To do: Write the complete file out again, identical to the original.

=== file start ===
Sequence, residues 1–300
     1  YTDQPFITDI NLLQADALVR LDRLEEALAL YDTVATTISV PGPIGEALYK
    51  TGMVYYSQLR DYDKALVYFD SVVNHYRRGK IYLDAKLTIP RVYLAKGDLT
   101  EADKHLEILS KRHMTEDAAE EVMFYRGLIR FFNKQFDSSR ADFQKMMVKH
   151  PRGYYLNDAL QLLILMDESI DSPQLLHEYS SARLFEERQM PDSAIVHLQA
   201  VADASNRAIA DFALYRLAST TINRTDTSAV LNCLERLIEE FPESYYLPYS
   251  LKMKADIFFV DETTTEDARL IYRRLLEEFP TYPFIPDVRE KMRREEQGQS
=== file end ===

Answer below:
Sequence, residues 1–300
     1  YTDQPFITDI NLLQADALVR LDRLEEALAL YDTVATTISV PGPIGEALYK
    51  TGMVYYSQLR DYDKALVYFD SVVNHYRRGK IYLDAKLTIP RVYLAKGDLT
   101  EADKHLEILS KRHMTEDAAE EVMFYRGLIR FFNKQFDSSR ADFQKMMVKH
   151  PRGYYLNDAL QLLILMDESI DSPQLLHEYS SARLFEERQM PDSAIVHLQA
   201  VADASNRAIA DFALYRLAST TINRTDTSAV LNCLERLIEE FPESYYLPYS
   251  LKMKADIFFV DETTTEDARL IYRRLLEEFP TYPFIPDVRE KMRREEQGQS